Del Toro’s Pinocchio isn’t adorable in the traditional sense. Like every character in the film, he’s handcrafted and rough around the edges. But even more so without a coat of paint and nails sticking out of him. Mann infectiously brings out the character’s sunny disposition, excitability, and eagerness for experiences, and also the feelings of hurt and confusion when not accepted by those around him. The character isn’t dressed up to look like a real boy, but he sure has the curiosity of one, resulting in a fun toon sung by Mann titled “Everything Is New to Me”. There are quite a few new songs here, all unlike their original counterparts. The story itself also takes familiar story beats, but with many differences to make the film feel like a new experience.
Ewan McGregor as Sebastian J. Cricket is funny and charismatic. His narration captivates, and his role is a bit different this time around. He doesn’t act as Pinocchio’s conscience but is there to guide him in exchange for a wish. Sebastian isn’t told to teach the wooden boy how to be brave, truthful, and unselfish, but the cricket learns how to be all those things himself. The Wood Sprite (Tilda Swinton) replaces the Blue Fairy in bringing Pinocchio to life and giving Sebastian his task – del Toro’s love of monsters is evident but toned down for a young audience. A glowing blue figure with eyes covering her wings makes an adult audience recall Pan’s Labyrinth. Swinton’s dual role as the Wood Sprite and her sphinx-Esque sister Death bring added interplay to the prominent immortality vs. mortality motif. The eccentric and menacing Count Volpe (Christoph Waltz) replaces the fox, Honest John, with his cat partner Gideon now a monkey named Spazzatura (voiced iconically by Cate Blanchett). The ambitious puppet master is given winged-like hair to resemble the fox ears of the old. It’s an excellent, exaggerated touch that also accentuates the fact that he’s trying to regain his aristocratic status. As Volpe, Waltz gives one of the best performances of his career and also the best musically in the film, as he laments Volpe’s misfortune with the song, “We Were a King Once”. Ron Perlman and Finn Wolfhard provide the voicework for another father-son dynamic. The hard army man Podesta, who controls the area, seems to love the fatherland more than his son, Candlewick, who he sees as a disappointment. In Geppetto’s difficulty being a father again, he comes to learn how to do what Podesta couldn’t: Love and accept his son as he is.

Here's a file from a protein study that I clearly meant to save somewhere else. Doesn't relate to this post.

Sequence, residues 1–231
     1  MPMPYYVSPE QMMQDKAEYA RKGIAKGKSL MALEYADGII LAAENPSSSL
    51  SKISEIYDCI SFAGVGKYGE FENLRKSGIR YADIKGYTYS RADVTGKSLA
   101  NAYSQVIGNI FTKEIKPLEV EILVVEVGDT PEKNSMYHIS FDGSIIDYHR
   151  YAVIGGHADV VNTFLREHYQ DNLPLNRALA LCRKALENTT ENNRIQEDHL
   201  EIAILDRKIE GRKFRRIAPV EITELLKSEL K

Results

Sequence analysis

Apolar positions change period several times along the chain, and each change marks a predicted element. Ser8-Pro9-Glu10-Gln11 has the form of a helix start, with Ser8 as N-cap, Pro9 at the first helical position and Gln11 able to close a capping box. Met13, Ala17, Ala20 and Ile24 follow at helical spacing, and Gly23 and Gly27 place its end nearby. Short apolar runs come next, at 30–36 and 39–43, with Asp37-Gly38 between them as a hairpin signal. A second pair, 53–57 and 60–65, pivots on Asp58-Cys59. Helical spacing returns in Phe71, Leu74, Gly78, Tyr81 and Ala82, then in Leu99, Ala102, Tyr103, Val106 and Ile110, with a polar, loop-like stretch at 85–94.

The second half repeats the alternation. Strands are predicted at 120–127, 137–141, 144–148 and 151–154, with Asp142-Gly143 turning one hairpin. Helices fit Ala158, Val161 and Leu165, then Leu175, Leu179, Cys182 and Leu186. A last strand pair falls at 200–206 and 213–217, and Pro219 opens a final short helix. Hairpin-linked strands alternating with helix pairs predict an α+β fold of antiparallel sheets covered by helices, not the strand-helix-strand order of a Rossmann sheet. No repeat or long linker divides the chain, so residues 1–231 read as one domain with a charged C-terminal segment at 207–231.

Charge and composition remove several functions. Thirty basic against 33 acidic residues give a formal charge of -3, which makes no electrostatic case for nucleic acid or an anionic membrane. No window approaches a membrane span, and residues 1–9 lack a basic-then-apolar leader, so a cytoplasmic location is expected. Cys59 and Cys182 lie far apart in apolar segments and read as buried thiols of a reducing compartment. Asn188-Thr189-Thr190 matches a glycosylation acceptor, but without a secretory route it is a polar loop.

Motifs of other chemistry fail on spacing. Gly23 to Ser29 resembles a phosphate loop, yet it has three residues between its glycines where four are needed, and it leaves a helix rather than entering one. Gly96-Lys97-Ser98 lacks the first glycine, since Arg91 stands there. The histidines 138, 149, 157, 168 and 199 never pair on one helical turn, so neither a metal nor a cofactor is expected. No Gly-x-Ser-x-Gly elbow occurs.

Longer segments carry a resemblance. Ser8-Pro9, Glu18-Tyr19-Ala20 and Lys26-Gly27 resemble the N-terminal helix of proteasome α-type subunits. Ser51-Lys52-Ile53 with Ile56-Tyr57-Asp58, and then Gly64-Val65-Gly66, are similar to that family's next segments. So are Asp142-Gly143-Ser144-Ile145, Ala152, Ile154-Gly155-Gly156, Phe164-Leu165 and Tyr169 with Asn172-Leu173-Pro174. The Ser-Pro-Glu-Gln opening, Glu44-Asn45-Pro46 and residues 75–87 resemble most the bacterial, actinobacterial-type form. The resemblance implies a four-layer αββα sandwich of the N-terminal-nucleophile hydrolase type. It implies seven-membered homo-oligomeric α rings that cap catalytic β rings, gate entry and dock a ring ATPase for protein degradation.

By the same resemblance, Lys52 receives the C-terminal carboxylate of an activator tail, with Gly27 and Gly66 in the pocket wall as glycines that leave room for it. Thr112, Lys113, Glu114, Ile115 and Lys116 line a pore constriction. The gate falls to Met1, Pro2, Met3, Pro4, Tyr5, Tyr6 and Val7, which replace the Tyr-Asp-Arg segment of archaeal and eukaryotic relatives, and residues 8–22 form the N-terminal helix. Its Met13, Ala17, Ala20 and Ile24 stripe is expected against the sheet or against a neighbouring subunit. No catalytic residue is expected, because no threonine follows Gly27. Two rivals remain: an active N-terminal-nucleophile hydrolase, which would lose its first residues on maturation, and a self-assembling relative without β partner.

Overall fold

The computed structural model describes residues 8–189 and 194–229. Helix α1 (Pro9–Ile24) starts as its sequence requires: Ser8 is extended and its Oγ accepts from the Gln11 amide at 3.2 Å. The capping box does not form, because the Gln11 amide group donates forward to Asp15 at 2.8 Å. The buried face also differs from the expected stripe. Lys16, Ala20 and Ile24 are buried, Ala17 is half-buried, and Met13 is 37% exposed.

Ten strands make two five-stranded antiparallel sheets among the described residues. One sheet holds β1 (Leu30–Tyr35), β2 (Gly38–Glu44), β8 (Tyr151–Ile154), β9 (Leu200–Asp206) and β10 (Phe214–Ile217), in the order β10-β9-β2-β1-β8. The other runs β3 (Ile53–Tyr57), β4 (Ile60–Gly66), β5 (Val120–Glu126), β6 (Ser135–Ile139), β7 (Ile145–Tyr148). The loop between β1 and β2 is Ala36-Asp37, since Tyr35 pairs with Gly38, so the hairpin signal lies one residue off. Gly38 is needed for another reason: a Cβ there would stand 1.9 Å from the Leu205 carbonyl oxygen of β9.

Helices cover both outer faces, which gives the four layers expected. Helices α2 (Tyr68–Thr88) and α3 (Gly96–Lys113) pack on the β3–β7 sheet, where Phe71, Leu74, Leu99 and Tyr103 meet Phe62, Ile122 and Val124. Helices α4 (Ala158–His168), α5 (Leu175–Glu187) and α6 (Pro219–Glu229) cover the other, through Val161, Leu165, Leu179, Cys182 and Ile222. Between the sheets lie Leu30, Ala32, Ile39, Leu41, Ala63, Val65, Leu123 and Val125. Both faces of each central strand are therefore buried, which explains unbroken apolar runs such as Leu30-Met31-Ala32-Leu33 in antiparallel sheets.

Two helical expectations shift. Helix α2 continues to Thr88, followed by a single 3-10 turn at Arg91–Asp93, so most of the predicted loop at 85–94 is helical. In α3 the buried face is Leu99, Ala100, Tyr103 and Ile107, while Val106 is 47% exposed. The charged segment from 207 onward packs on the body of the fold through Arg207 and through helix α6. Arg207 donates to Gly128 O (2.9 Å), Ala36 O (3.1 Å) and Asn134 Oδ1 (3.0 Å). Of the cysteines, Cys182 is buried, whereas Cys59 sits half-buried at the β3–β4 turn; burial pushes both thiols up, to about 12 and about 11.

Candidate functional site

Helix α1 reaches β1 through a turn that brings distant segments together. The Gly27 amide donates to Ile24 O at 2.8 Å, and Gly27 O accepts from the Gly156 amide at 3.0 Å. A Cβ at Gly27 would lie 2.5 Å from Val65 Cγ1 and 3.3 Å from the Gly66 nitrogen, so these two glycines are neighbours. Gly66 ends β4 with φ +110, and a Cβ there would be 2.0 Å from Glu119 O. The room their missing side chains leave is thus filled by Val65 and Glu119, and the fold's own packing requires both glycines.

Unconditional love is at the core of the film. Love is one of the strongest emotions we feel as human beings, and Pinocchio is guided on a journey of learning how to be human. Del Toro and co explore humanity at its worst with its World War II setting, and showing nationalism through the character of Podesta carries a contemporary resonance. However, the Christian allegories and scenes reflecting religious persecution become a bit too much in a film that already explores so many substantial themes. The filmmakers balance dark with light by showing humanity at its most beautiful through Pinocchio’s selflessness, determination, and the connections he forms around him. This Pinocchio connects across generations. With a balance between an animated film for adults and children, it will entertain both while introducing a complexity that will have kids asking questions. While everything from its character design, sets, and visual effects are magical, what’s more so is how it will bring parents and children together in some important conversation.
Del Toro is a master storyteller who completely changes how we’ve ever perceived this story. By tackling very deep ideas about what makes us human, whether or not Pinocchio is a real boy is no longer relevant.